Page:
This Life: Richard and Sally Norman

Idyllic family holidays on the Isle of Lewis persuaded the couple to build their own haven in the Hebrides, on a secluded coastal plot with views of the wild Atlantic

Some places just grab you and won’t let go. That, at least, is what Sally and Richard Norman felt when they first visited the west coast of Lewis in the early 1990s. The couple, who live not far from London, fell in love with the island’s white sand beaches and clear turquoise waters. The latter are not just home to lobsters, crabs, crayfish, seals and basking sharks: there are magnificent cliffs and rocky crags under this stretch of pristine Atlantic – all of which lend themselves perfectly to scuba diving. Richard was already a keen diver, but soon the whole family was hooked. “We started coming here in 1993 and it was so good we never went anywhere else,” he says. “The children loved being on the beach and in the sea in their wetsuits, messing about on boats. They had tremendous freedom.”

Idyllic family holidays were spent fishing for mackerel then cooking it over an open fire on the beach. “We’d come up with friends and in-laws and had a fantastic time, but years of renting small holiday homes was wearing thin,” says Sally. “We started looking for a house to buy, but anything we found that was remotely suitable would have needed a lot of work to give us what we wanted. It simply wouldn’t have been economically viable.”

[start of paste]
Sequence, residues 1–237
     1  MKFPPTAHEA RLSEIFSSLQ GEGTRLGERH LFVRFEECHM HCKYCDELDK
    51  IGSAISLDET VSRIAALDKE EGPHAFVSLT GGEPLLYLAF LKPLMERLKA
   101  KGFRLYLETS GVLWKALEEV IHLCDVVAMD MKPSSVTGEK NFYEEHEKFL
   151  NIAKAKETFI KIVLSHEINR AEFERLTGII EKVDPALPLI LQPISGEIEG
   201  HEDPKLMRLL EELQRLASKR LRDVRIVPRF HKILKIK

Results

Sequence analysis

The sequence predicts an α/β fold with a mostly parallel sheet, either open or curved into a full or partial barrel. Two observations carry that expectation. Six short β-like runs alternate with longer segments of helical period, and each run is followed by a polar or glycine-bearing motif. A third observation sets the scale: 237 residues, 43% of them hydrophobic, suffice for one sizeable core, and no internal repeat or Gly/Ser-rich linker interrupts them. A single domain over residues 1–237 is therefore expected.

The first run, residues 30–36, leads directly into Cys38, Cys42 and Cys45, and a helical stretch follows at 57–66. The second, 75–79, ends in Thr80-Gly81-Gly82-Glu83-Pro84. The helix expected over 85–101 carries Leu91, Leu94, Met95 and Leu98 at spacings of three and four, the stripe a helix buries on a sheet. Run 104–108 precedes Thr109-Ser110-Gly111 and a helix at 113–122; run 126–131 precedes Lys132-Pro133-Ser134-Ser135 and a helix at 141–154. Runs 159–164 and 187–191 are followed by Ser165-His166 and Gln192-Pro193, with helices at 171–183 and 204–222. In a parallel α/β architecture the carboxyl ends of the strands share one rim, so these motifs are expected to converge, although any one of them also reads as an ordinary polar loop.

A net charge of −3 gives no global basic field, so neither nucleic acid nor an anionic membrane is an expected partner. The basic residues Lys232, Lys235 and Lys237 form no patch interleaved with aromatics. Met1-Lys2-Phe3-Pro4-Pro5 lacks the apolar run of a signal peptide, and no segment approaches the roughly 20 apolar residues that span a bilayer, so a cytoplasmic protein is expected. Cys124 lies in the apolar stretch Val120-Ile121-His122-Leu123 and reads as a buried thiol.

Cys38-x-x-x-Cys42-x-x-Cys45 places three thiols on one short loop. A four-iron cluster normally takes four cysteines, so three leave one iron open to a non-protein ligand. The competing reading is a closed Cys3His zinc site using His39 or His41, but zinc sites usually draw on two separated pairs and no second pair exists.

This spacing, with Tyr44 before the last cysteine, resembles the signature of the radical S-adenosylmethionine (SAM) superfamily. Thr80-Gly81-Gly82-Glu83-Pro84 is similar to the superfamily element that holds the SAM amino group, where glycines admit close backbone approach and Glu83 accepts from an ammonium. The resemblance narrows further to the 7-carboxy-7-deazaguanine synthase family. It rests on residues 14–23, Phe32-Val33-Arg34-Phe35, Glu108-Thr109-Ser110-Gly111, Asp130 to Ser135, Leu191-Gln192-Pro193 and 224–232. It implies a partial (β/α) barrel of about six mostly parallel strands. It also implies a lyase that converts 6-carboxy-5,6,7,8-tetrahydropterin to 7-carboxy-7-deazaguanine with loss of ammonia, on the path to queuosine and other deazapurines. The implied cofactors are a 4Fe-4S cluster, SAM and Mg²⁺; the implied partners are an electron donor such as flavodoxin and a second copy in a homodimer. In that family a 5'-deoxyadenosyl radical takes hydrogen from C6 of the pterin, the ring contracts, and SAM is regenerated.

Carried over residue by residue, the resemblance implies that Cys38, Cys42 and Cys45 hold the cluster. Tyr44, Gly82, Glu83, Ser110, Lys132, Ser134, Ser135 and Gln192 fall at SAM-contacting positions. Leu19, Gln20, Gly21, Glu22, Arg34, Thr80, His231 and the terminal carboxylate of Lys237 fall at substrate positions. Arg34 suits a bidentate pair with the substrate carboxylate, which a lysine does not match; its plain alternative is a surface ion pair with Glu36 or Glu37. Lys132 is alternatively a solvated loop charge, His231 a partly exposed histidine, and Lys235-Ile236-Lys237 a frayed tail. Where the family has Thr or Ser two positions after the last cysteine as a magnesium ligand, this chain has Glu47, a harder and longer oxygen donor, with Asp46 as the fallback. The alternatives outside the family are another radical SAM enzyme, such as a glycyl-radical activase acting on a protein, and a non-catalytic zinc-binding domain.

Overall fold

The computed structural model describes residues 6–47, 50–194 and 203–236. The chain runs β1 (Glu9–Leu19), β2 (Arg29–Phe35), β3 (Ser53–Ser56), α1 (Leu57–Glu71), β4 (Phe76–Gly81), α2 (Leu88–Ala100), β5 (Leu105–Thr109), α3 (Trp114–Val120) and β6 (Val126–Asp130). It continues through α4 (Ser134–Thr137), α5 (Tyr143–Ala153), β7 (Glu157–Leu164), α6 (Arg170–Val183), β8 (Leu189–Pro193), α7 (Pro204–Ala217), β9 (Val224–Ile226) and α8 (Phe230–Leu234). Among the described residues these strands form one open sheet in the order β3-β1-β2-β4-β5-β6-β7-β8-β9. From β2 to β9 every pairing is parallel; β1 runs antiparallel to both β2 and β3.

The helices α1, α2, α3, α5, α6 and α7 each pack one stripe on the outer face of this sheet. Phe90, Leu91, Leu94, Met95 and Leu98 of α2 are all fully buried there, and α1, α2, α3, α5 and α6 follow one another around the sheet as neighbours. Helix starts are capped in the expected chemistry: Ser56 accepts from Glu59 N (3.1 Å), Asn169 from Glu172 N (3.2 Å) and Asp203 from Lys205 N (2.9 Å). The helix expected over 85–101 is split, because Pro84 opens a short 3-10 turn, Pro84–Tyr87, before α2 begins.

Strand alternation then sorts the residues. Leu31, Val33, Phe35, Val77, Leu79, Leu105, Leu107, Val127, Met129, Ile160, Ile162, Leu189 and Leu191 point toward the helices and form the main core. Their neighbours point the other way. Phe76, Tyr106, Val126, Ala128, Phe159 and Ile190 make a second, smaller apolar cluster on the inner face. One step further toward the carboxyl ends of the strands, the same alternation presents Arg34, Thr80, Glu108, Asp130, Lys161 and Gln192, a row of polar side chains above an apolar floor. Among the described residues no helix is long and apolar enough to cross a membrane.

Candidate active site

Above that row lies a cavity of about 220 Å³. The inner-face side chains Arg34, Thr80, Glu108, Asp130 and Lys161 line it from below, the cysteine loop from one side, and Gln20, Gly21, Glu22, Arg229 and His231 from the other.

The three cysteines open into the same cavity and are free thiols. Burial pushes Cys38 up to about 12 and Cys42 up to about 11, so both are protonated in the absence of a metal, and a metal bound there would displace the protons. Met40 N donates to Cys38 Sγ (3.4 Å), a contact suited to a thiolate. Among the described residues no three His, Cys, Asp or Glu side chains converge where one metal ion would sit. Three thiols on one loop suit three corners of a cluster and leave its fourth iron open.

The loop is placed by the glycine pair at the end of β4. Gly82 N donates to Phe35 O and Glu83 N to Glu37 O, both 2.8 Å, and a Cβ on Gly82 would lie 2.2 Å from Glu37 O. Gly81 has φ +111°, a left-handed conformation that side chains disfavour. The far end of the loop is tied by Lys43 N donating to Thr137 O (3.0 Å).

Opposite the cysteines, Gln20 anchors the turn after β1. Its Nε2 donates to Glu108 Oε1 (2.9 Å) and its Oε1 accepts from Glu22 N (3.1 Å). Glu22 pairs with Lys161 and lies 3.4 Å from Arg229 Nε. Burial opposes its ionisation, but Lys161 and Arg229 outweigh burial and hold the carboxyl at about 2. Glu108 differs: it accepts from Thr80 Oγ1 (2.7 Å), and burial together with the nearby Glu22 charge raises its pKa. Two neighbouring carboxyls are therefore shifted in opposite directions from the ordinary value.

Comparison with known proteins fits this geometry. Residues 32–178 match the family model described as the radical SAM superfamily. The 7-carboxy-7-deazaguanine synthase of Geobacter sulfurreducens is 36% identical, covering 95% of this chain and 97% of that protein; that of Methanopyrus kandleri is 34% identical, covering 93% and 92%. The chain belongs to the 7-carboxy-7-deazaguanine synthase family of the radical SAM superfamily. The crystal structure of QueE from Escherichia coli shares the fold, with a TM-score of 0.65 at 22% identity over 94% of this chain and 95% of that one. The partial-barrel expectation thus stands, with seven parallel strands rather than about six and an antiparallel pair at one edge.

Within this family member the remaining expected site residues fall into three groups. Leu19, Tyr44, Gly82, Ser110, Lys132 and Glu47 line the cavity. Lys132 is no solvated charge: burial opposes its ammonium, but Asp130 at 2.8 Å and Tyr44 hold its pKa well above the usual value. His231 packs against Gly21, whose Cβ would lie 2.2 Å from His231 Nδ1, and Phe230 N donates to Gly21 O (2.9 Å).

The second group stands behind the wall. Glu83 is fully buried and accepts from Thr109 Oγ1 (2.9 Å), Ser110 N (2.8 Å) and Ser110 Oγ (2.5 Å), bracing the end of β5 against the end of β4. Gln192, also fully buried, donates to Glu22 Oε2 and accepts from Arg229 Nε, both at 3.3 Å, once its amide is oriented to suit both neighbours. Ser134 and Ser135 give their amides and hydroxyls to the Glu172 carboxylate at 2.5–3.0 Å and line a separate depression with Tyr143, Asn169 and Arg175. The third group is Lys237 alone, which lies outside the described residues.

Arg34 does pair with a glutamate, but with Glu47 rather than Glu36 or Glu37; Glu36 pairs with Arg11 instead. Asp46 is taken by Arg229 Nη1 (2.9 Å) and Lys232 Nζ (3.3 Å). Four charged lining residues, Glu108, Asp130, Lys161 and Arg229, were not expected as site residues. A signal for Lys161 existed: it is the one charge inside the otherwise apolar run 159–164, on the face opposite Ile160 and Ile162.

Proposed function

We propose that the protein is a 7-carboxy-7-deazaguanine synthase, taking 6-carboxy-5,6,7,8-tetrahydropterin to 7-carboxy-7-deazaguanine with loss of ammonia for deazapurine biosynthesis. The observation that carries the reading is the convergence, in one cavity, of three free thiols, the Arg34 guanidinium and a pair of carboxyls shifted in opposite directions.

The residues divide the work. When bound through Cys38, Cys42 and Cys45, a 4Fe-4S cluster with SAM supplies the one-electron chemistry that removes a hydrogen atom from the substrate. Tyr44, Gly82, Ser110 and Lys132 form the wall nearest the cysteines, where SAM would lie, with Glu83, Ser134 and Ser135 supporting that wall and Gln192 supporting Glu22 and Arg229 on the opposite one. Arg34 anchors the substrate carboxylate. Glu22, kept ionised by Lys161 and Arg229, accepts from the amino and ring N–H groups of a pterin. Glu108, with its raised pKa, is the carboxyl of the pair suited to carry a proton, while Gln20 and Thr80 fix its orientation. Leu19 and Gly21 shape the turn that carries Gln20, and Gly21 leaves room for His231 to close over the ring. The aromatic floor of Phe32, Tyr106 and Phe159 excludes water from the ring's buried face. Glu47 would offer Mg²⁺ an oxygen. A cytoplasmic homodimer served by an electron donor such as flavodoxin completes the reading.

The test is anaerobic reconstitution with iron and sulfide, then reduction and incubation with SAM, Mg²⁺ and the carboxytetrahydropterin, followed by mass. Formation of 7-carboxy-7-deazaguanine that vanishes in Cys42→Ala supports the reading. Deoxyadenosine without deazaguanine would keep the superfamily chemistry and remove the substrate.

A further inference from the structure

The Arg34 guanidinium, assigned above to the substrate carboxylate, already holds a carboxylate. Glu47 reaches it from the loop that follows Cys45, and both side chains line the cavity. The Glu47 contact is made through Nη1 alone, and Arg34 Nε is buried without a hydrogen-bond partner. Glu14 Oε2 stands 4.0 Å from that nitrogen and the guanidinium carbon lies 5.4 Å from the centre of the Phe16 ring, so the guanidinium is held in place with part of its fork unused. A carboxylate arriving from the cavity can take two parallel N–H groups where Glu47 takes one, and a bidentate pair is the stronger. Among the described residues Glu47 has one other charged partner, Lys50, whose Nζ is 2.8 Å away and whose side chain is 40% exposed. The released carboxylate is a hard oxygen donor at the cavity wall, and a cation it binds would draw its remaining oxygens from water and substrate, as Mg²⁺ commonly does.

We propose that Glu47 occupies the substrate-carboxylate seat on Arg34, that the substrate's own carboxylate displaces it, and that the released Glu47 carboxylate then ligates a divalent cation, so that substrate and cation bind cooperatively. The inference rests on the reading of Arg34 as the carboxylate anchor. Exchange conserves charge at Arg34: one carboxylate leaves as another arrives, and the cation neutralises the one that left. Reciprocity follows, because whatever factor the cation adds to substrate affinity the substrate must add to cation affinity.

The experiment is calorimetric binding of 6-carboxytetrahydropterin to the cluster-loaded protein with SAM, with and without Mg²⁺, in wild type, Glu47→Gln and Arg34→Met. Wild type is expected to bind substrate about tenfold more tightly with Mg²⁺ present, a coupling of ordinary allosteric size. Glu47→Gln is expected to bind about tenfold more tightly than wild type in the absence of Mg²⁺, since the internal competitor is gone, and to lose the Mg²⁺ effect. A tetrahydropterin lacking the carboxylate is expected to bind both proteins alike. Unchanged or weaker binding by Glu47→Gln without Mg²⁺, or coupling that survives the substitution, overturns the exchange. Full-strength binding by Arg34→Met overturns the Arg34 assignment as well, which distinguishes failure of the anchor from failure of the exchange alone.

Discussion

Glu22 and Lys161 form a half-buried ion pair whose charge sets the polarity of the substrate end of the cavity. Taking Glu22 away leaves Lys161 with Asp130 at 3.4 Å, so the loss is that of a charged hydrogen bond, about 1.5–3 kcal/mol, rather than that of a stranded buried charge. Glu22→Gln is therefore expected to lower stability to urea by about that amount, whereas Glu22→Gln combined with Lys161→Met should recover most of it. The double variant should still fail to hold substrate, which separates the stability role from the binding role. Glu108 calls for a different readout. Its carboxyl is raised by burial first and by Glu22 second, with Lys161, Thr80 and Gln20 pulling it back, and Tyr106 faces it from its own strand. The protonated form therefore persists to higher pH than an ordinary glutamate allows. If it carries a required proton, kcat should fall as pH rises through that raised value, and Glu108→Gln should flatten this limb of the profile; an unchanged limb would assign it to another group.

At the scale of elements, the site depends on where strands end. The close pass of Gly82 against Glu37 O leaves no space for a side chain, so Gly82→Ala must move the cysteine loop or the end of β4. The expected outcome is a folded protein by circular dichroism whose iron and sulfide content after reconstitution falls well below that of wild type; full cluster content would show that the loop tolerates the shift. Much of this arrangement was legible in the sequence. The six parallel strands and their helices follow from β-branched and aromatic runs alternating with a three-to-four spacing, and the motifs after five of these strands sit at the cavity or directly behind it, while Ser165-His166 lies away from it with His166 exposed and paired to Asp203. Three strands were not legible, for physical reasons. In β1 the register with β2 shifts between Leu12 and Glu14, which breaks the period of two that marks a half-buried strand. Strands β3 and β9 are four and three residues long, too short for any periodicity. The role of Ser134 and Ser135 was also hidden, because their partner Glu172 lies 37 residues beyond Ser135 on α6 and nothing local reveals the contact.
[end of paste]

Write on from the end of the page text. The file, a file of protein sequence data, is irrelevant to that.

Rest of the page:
They realised they’d have to build from scratch to get what they wanted, and eventually, in 2007, they found a plot on the shores of Great Bernara, a tiny isle just across a small bridge from the west coast of Lewis. Their intention was to build a house in the local vernacular: “We wanted something that would be consistent with the history of the island – plus a contemporary interior.”

In the past, houses on Lewis had been built for shelter alone. They were often sited facing away from the sea (and the views) to protect their inhabitants from the elements. Life was tough; crofters had to be pretty self-sufficient, and few had time to stop and admire the views. Fancy architecture was not a priority. Historically, there were two styles of house on the island, both pretty utilitarian in form and function: the long house and the white house. White houses have dormer windows and a painted harled finish. Long houses (also called black houses) are single-storey stone dwellings, one room deep.

When Sally and Richard started investigating their options they discovered that local builders were not fans of these traditional styles, modern suburban villas being to their mind much more practical. “We found it hard to find anyone on the island who shared our ideas and our vision for the build,” admits Richard.

By now it was 2009, and in the wake of the financial crash they put their plans on hold. “We were basically in limbo for three or four years while we tried to work out if we could afford to go ahead – and, if so, if we’d ever find someone who could help us develop our dream,” says Sally.

This is just a taster, you can browse the full article with more stunning photography on pages 20-24, issue 113.

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Photography Douglas Gibb
Words Alison Gibb

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